The Equator School for Alternative Development Model is a think tank and research arm of SEATINI Uganda. Equator School for Alternative Development Model has been informed by the failures of the current neoliberal policy ideology.
The term Equator is derived from the reality that its major focus is to ensure that the alternative development policy and practices which it strives to promote are propagated among the economies of the global south largely situated along the Equator.
SEATINI believes that there is need to push for a rethink, both at national, regional and global levels, of the free market paradigm given its adverse implications on the rights of the most economically vulnerable groups in society i.e. women, especially in the rural sector.
The Washington consensus, which advocates for liberalization, privatization and deregulation introduced the neoliberal ideology and it has been pushed through the Bretton Woods Institutions i.e. the World Bank and the International Monetary Fund. Since early 1980s, this ideology has informed development thinking permeating all the policies and policy actions in Africa and the global South.
Uganda has continued to register an impressive economic growth rate of over 6% per annum, a surge in foreign direct investment receipts, an improved performance in regional trade with Uganda registering a surplus in Common Market for Eastern Southern Africa (COMESA) region, and an increase in infrastructure and public services development in terms of construction of roads, hospitals and schools. While this is so, very low levels of industrialization, a growing trade deficit (USD 207.7 Million) and a large informal sector, characterize the country’s economy. The country’s high economic growth rate has been a jobless growth with increasing inequalities and vulnerabilities among the citizens, leaving women as the most affected. Moreover, the absence of strong production and market regulatory mechanisms such as sufficient storage facilities, climate change adaption mechanisms, the Minimum price, and the Minimum Wage, has created numerous vulnerable societies. Majority of these individuals are women engaged in production, informal trade, casual work. Consequently, within Uganda and the East African Community (EAC) region, women’s rights violations are rampant due to the fact that they are poorest, earn the least from the products they produce and the labour they offer, compared to their male counterparts.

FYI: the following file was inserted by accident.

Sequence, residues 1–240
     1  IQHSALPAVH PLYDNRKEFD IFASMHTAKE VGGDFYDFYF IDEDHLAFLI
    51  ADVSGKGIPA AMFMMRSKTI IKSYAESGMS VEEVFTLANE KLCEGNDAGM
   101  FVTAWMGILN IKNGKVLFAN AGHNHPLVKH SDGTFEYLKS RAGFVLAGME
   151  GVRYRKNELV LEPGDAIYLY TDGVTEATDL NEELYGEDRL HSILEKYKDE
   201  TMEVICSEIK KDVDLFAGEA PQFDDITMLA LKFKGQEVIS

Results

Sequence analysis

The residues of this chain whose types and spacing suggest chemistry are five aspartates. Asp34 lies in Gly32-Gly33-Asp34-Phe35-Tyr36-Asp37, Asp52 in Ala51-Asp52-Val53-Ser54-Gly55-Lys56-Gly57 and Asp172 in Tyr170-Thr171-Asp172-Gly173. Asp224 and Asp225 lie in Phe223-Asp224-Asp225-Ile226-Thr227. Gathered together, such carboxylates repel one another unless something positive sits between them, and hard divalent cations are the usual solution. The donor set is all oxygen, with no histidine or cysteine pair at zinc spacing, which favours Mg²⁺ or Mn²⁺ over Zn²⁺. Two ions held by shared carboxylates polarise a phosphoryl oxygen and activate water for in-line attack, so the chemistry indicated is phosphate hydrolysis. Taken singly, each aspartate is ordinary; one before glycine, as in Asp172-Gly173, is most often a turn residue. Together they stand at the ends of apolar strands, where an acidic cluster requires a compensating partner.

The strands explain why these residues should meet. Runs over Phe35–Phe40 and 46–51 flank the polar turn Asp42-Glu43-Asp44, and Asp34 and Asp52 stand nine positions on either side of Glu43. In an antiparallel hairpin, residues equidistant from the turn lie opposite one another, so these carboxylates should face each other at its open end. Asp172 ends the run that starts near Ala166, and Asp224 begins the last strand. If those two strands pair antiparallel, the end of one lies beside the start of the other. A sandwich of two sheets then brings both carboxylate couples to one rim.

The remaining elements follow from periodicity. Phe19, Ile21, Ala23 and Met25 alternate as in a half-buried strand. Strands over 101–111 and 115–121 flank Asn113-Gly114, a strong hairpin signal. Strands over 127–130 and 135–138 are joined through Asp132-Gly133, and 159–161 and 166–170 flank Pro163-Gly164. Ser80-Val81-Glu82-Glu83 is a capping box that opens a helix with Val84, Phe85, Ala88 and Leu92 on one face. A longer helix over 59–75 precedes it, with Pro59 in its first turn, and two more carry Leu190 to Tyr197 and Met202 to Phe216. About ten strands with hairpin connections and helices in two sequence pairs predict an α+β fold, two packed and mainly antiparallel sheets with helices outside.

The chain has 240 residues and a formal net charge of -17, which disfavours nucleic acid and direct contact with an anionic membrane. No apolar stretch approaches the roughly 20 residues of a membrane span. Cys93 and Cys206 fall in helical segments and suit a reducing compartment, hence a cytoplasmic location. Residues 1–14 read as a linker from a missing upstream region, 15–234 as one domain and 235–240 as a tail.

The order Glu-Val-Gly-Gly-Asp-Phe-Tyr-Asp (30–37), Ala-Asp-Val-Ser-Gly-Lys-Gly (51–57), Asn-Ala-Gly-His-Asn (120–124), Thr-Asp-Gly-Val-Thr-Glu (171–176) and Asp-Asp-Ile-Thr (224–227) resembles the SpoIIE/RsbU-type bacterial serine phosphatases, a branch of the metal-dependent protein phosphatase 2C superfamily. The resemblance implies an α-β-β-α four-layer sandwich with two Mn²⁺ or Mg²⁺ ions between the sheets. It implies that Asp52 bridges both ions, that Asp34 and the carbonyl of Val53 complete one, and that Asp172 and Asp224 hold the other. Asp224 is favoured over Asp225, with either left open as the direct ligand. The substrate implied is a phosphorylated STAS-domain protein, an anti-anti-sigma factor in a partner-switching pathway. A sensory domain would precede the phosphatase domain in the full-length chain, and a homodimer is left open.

SEATINI believes that there is need to push for a rethink, both at national, regional and global levels, of the free market paradigm given its adverse implications on the rights of the most economically vulnerable groups in society i.e. women, especially in the rural sector towards the realization of inclusive and sustainable development in Uganda and the EAC region.